Jump to content

Welcome to the new Traders Laboratory! Please bear with us as we finish the migration over the next few days. If you find any issues, want to leave feedback, get in touch with us, or offer suggestions please post to the Support forum here.

  • Welcome Guests

    Welcome. You are currently viewing the forum as a guest which does not give you access to all the great features at Traders Laboratory such as interacting with members, access to all forums, downloading attachments, and eligibility to win free giveaways. Registration is fast, simple and absolutely free. Create a FREE Traders Laboratory account here.

Recommended Posts

"You must be rigid in your rules and flexible in your expectations. Most traders are flexible in their rules and rigid in their expectations". This is from Mark Douglas in his book, "Trading in the Zone". When I first read the above-mentioned book years ago, I did not highlight or remember this quote as anything special. It was not until recently when I saw it again that I had the experience to recognize the pure wisdom in the words. That is the reason I am devoting this commentary to this quote, so everyone reading can recognize its importance.


The reason I feel this advice is so important is because two of the most common problems among new or struggling traders are addressed here. The first problem raised is that most traders are flexible in their rules. Actually, the truth is most traders do not even have a firm set of rules they trade by. Sure, if you ask most traders they will say that they follow stops, and set targets. But very few have the rules that are generated by a quality trading plan. Those that do, usually view them as optional, which really defeats the purpose of having rules.


The second problem is that traders are rigid in their expectations. They form or acquire a market bias, or a 'feeling' about a particular stock, and hold to that expectation regardless of what the chart (reality) is telling them. When good news is released, they go long the stock and stay steadfast in their bullish view; even though the chart (reality) is telling them the stock is falling.


Some say that you can't follow rigid rules, because trading requires your expectations to be flexible and change as needed, as the second part of the quote implies. Obviously, I agree that trading requires you to be flexible. I just believe that all of the contemplated flexibility can be part of your plan and your rules. For example, you can decide ahead of time and define what a 'change in market direction' is and then define how you react to that new information. You could react by selling all of your position, selling half, raising the stop, etc.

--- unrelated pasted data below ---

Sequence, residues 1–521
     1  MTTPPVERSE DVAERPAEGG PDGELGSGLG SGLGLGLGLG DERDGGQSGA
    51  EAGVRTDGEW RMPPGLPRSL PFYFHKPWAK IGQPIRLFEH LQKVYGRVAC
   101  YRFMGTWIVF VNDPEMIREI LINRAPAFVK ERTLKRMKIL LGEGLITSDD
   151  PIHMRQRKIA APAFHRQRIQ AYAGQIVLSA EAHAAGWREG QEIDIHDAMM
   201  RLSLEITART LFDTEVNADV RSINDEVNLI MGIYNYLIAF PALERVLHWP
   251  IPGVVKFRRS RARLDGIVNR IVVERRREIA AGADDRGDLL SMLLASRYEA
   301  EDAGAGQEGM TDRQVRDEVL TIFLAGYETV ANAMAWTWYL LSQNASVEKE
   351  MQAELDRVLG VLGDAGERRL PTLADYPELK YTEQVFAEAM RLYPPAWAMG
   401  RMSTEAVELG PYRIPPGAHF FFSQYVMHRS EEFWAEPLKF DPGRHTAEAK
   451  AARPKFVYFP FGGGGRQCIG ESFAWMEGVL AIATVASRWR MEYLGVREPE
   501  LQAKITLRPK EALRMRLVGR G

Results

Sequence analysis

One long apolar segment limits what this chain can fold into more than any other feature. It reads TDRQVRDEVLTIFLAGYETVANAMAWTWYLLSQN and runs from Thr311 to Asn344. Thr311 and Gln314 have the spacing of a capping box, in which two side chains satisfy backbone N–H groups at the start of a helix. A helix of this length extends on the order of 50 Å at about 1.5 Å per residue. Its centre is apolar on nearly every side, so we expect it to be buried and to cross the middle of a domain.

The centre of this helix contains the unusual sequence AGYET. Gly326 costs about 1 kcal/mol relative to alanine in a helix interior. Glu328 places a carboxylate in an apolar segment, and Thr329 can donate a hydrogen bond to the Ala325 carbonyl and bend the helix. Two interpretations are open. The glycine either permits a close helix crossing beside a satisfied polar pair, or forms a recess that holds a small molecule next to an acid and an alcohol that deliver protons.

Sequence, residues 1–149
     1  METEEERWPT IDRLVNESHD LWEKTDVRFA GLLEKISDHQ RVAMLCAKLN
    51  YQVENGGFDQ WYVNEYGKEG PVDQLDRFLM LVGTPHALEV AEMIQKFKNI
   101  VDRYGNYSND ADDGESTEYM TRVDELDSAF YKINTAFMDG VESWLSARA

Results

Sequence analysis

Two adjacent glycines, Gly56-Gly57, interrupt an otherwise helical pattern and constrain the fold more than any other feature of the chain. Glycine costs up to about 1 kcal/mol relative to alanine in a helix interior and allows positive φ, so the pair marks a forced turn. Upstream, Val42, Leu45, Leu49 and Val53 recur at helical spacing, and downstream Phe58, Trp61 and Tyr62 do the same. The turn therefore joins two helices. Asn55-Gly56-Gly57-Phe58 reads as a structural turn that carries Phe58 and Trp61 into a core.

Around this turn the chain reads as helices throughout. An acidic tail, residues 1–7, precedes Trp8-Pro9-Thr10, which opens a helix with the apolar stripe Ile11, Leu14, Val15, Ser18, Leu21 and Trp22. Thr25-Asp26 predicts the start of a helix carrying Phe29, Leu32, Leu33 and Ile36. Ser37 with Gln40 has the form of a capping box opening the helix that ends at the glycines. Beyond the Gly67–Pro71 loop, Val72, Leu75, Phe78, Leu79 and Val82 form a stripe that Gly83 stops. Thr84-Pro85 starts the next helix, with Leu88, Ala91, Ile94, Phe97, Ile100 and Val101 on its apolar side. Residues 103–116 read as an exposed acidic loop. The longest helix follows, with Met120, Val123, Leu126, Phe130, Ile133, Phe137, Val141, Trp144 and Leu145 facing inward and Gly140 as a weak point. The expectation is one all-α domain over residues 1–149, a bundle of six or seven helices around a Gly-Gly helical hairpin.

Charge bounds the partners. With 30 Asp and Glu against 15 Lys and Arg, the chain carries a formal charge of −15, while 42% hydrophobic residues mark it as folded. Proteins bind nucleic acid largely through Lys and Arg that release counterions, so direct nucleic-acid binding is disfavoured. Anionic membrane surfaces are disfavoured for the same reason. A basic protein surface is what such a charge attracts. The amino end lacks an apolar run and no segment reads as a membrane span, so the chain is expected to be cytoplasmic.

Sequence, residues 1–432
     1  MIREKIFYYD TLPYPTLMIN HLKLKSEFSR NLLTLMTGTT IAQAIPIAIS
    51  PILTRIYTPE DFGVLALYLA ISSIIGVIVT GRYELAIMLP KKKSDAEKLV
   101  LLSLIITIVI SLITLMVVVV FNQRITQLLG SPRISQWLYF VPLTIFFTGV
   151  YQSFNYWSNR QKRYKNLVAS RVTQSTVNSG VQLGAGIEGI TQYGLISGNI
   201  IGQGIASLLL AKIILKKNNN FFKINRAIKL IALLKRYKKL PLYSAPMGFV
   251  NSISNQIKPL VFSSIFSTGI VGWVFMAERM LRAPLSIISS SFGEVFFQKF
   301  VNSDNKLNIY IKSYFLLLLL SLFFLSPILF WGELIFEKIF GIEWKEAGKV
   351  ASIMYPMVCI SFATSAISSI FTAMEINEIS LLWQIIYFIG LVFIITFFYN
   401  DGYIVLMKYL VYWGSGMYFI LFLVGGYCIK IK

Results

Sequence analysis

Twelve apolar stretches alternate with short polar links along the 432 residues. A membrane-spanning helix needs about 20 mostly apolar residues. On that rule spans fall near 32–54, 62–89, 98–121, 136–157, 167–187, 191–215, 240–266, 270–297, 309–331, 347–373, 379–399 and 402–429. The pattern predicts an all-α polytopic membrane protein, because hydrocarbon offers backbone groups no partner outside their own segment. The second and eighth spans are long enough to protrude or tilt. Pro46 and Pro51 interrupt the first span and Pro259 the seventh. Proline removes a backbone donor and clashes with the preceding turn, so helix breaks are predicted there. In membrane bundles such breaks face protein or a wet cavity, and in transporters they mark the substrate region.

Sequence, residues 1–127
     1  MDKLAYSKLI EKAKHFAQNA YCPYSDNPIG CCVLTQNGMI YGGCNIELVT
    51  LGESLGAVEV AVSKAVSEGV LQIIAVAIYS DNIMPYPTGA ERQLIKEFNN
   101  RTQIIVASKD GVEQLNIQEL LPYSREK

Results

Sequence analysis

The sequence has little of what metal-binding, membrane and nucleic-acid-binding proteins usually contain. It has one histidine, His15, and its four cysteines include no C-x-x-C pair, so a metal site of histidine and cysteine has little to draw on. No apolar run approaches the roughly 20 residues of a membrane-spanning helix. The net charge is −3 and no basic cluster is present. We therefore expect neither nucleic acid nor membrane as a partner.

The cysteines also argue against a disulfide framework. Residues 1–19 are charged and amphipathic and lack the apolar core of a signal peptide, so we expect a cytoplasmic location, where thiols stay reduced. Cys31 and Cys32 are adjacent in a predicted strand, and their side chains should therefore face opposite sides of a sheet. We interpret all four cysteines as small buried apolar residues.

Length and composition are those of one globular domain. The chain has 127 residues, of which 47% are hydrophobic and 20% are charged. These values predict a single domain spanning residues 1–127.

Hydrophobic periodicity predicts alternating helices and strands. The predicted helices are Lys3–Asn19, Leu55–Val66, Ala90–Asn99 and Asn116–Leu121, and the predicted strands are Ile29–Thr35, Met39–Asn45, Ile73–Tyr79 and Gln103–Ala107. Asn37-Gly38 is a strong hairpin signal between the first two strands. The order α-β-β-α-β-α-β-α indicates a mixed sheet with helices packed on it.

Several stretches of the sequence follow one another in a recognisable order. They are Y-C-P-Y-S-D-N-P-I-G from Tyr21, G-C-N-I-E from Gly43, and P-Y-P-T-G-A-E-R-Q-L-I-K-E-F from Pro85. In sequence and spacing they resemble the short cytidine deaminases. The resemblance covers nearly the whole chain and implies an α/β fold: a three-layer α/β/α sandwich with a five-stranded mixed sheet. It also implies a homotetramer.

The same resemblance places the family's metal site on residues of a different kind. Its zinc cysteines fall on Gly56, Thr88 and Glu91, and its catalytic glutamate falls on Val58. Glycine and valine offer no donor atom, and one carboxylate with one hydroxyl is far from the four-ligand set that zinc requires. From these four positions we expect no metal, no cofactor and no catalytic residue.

I hope that those of you that have not embraced these concepts take new look at the quote above and use it to help improve your trading.


Jared Wesley

Contributing Editor

Interactive Trading Room Moderator

Gap and Intra-Day Trading Specialist

Instructor and Traders Coach


Share this post

Link to post
Share on other sites

Traders -- beginning and otherwise -- are flexible in their rules because they have no trading plans hence, no rules, or at least no rules that mean much. But it goes deeper than that: they have no plans because they believe that they are better traders than they really are, and since their record-keeping is spotty at best, they are perfectly capable of going on for years without much improvement (or none). In fact, their belief in their trading ability is so unshakeable that they don't hesitate to depart from their "plans" -- if any -- when they believe the occasion demands because they believe that they are smarter than their own plans (though one could argue that under these circumstances the plan can hardly be classified as such).


But it all works out in the end. This type of trader brings money to the market that traders with thoroughly tested and sound plans -- and rules -- can take from them, much like the kid in elementary school who gets beaten up on the playground for his lunch money.



Share this post

Link to post
Share on other sites

Join the conversation

You can post now and register later. If you have an account, sign in now to post with your account.
Note: Your post will require moderator approval before it will be visible.

Reply to this topic...

×   Pasted as rich text.   Paste as plain text instead

  Only 75 emoji are allowed.

×   Your link has been automatically embedded.   Display as a link instead

×   Your previous content has been restored.   Clear editor

×   You cannot paste images directly. Upload or insert images from URL.

  • Create New...

Important Information

By using this site, you agree to our Terms of Use.